Voltaire: a literary genius
Why is Malawi one of the poorest countries in the world? Several reasons may be given, but we must be humble enough to acknowledge the fact that in industriousness, we compare poorly with nationalities of the countries which have made it from third world to first.
The development of a country mostly depends on the quality of its elites — managers, lawyers, doctors, writers, philosophers et cetera. Are the elites of this country comparable in industriousness and commitment to elites in countries that are richer than ours? In this essay we will look at the profile of Voltaire, an 18th century French philosopher, novelist, historian and dramatist.
Voltaire was born in Paris on November 24, 1694. He attended college run by Jesuits. We do not know if he came out with a degree, let alone a PhD. At first, it seemed he was going to live a worthless life but in his early 20s he developed the ambition to be a writer in several fields.
In 1718, he wrote a classical tragedy called
Oedipe, which met great success at the Comedie Francaise theatre. The public compared him favourably with some of the greatest Greek playwrights. A year earlier, he had been thrown into the Bastille, the notorious prison in Paris for writing satirical verses concerning the Duke of Orleans.
A stay in prison and a sojourn in England turned him into a champion for freedom and tolerance in politics and religion. In England, he saw that even if a person offended the monarchy he was not just thrown into prison, but was tried in court. Following the glorious Revolution of 1688 and 1689, the monarch in England no longer had absolute powers as was the case on the European continent.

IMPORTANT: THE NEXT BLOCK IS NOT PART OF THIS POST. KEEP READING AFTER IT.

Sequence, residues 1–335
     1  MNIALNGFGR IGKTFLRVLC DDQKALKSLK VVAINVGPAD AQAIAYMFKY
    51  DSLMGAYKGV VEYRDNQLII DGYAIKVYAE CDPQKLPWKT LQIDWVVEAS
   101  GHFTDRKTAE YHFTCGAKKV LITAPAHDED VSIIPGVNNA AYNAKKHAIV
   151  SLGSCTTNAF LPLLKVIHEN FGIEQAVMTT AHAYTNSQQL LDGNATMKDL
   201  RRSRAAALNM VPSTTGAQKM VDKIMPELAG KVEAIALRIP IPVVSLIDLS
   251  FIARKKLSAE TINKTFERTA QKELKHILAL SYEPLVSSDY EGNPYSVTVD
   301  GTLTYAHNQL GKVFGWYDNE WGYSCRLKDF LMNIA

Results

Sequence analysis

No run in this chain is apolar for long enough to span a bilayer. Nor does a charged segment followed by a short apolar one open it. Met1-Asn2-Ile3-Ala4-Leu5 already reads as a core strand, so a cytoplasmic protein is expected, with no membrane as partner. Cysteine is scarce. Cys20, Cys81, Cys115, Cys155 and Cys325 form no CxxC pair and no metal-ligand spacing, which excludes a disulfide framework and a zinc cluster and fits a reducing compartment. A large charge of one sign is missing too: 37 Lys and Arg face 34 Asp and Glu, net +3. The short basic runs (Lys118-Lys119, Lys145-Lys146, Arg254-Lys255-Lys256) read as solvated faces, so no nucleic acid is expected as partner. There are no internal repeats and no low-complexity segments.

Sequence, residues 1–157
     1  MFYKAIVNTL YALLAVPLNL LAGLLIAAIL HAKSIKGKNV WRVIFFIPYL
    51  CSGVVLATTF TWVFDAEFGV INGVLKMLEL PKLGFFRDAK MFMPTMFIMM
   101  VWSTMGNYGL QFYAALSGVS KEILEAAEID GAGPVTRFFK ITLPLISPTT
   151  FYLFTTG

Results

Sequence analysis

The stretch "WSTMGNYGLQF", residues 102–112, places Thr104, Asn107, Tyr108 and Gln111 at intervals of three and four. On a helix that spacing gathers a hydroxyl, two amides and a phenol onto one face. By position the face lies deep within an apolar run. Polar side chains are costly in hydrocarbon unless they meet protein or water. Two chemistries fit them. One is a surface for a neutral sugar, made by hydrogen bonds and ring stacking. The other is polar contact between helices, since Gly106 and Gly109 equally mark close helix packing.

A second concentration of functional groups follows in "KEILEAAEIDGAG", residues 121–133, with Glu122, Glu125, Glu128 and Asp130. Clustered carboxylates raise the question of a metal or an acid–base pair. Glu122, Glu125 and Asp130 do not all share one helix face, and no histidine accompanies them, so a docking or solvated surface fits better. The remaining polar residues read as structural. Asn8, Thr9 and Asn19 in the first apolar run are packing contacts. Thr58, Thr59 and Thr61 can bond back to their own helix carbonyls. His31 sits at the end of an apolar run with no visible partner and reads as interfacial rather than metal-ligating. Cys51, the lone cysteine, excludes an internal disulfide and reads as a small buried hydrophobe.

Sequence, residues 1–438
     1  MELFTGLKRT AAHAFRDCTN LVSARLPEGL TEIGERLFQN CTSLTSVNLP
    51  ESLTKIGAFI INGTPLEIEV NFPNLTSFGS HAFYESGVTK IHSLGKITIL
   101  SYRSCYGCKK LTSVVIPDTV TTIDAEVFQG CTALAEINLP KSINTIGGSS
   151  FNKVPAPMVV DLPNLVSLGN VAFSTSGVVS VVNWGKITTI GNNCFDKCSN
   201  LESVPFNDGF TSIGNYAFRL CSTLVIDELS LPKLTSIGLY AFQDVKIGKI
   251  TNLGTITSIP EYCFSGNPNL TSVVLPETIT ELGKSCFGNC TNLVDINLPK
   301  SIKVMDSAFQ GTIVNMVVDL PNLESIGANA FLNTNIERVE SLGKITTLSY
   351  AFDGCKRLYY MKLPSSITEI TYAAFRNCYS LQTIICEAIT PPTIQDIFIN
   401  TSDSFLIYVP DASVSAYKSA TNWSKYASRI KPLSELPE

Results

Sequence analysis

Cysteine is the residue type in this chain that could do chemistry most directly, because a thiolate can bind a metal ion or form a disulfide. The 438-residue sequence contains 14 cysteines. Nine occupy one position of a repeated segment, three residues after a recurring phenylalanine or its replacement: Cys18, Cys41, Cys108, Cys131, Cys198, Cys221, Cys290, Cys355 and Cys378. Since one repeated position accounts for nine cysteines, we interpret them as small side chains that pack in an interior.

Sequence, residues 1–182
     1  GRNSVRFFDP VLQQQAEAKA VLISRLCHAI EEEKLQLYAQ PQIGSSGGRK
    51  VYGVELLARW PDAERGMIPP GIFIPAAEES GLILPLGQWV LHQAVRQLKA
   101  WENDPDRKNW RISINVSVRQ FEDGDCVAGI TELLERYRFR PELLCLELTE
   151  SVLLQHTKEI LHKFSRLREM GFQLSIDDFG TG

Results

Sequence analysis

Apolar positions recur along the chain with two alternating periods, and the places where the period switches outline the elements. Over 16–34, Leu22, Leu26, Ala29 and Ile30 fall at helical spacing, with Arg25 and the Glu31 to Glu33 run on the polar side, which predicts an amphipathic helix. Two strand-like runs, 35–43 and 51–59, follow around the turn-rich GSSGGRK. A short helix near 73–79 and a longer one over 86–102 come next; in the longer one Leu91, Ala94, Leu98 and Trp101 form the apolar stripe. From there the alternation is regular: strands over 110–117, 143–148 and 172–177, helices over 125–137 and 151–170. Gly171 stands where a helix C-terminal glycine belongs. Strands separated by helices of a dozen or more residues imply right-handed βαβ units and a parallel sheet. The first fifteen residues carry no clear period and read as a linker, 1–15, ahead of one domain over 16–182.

In religion, he found many seats in England besides the church. He wrote: ‘This is a country of sects. An English citizen, like a free man, goes to heaven by road that pleases him.” He added to this the memorable phrase ‘Ecrasez l’infame’ (stamp out the infamous thing). By this he meant intolerance in religion. He was persecuted for defending the rights of Protestants and Jews to practise their religions.
Those who assess Voltaire’s religious beliefs contradict each other on accent of his contradictory views. At one time he seems to lampoon Christianity when he wrote “Christianity must be divine since 17 centuries of rascality and imbecility had failed to destroy it.”
He wrote 15 hours a day — novels, poems, plays, historical and philosophical books. He was an obsessive reviser of what he wrote. In the course of reading and writing history he concluded that “Man must be free, freedom depends on law, hence the best government is that which guarantees to all, without distinction, the utmost liberty he can enjoy without harm to other.”Another memorable phrase attributed to him is “I do not approve of what you say, but I will defend to death your rights to say it.”
His numerous writings made him one of the wealthiest men in his country. He was one of the leading members of the period known as Enlightenment and was often in and out of prison. He was forced to leave France and live alternatively in Russia and Switzerland.
From the year 1758 to 1775, Voltaire was engaged in non-literary activities at Ferneu in Switzerland to develop a watch making industry. He founded a pottery, experimented, with the breeding of cattle and horses, tried new methods of farming. All this time he never relaxed his literary output.
His writing have proved less enduring than those of his rival and contemporary Jean Jacques Rosseau. But his philosophical novel Canaide is still popular worldwide in which he disputed the conception that whatever happens is for the best. Surely earthquakes and tornadoes do not happen for the best, the novel points out.
Voltaire’s writing are famous for lucidity. W. Somersat Maugham, one of the great English novelist of the 20th century, said he always read Candide before starting on a new novel just to remind himself the need to be readable.
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